African MPs push for more women participation in commercial farming

Speaker Donatille Mukabalisa (centre) in a group photo with officials from EAC and ECOWAS blocs, and representatives of civil society as well as land rights experts at the Parliamentary Buildings in Kimihurura yesterday. Courtesy.

The Speaker of Parliament, Donatille Mukabalisa, has called for greater efforts in pushing for gender equality on the African continent specifically in the area of agriculture which is the source of livelihood for most people on the continent.

Mukabalisa said this in Kigali yesterday while officially opening a learning exchange that will see the representatives from 15 countries to discuss gender equality and investments in agriculture and food security.


Participants are drawn from the Economic Community of West African States (ECOWAS) network of parliamentarians, the East African Legislative Assembly (EALA), civil society, and women land rights experts.


Mukabalisa told the MPs that the three-day discussions should focus on critical issues and propose strategies aimed at mainstreaming gender equality and food security on the continent.


She called for more cooperation in supporting women to generate faster growth for themselves and their families.

“67 per cent of women in our country are involved in subsistence agriculture, but only 33 per cent are into market-oriented agriculture. They need skills to use technology in order to create economic opportunities, reduce food insecurity, malnutrition and poverty in general, and generate faster growth as well,” she said.

Long way ahead

Mukabalisa pointed out that while African governments, as well as regional and sub-regional organisations have over the years made significant commitments, regarding women and women rights, there were still cultural and mindset barriers.

“This gender inequality has a negative impact on the economy and sustainable development on our continent,” she said.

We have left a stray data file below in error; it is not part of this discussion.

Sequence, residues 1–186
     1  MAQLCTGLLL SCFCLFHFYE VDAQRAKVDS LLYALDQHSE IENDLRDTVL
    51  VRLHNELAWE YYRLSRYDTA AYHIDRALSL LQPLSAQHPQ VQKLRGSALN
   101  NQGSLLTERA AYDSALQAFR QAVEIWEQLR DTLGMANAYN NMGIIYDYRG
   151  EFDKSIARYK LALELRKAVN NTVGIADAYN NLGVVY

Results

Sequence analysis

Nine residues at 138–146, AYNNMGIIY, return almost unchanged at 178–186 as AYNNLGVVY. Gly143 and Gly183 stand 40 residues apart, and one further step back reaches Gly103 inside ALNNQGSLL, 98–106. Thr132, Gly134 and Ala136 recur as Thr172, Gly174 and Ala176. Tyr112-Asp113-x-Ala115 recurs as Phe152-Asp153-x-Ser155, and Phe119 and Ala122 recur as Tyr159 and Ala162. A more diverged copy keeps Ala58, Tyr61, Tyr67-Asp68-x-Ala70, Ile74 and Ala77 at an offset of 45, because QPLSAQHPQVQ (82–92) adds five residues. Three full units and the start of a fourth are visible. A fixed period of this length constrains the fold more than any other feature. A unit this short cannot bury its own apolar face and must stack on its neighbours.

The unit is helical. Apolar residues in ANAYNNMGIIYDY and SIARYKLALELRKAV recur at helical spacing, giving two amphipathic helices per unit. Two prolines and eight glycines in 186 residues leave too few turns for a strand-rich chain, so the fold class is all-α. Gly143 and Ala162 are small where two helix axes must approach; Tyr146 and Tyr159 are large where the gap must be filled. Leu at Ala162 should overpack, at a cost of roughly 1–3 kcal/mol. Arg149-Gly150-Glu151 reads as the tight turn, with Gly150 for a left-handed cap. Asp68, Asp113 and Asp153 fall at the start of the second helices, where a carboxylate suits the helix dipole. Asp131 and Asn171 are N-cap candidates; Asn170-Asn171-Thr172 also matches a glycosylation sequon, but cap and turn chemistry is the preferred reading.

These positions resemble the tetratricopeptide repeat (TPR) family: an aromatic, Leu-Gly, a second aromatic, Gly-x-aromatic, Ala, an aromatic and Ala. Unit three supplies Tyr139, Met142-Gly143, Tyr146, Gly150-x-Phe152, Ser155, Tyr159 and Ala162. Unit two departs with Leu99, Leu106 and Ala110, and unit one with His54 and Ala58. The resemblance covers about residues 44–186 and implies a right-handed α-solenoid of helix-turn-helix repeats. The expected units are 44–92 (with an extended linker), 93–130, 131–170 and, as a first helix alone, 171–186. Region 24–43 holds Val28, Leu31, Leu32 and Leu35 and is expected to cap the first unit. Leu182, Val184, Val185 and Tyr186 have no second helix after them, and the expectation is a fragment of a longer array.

The Representative of the Food and Agriculture Organisation, Dr Gualbert Gbehounou, commended Rwanda for what it is has achieved in terms of gender equality.

“It is well known worldwide that Rwanda has made commendable progress in gender equality and women’s empowerment by putting in place legal and policy frameworks to enforce women’s rights in agriculture, food security and nutrition. That choice is eloquent and well thought out given the achievements,” he said.

He, however, pointed out that in the four years since world leaders agreed on the 2030 Sustainable Development Goals, little has been achieved regarding SDG 1 and 2 that aim at eradicating poverty, hunger and malnutrition as well as the SDG target of eliminating gender based discrimination.

“We are all frustrated and concerned that hunger is on the rise, poverty affects almost half of the world population and progress to combat climate change is slow. In 2017, nearly 821 million people did not get enough to eat and two billion people suffer micronutrient deficiencies, a hidden form of hunger due to malnutrition,” he said.

He pointed out that women would have been instrumental in changing the status quo but challenges abound.

“Women would even be contributing much more had it not been for the multiple constraints they are confronted with which limit their capacity to contribute to their full potential in agricultural production, economic growth and development,” he said.

The Deputy Secretary-General in charge of the Productive and Social Sectors at the East African Community, Christophe Bazivamo, said that it was time to deliver on the promise made to commit 10 per cent of the national budgets to agriculture.

“Our countries have agreed on promoting women in agriculture. In the Malabo Declaration, they agreed to put at least 10 per cent in agriculture and that is in the pipeline.

“What we are now looking forward to is availing this money. There is a difference between budgeting for it and actually giving it to those it was planned for,” he said.

The exchange is expected to end on Thursday.

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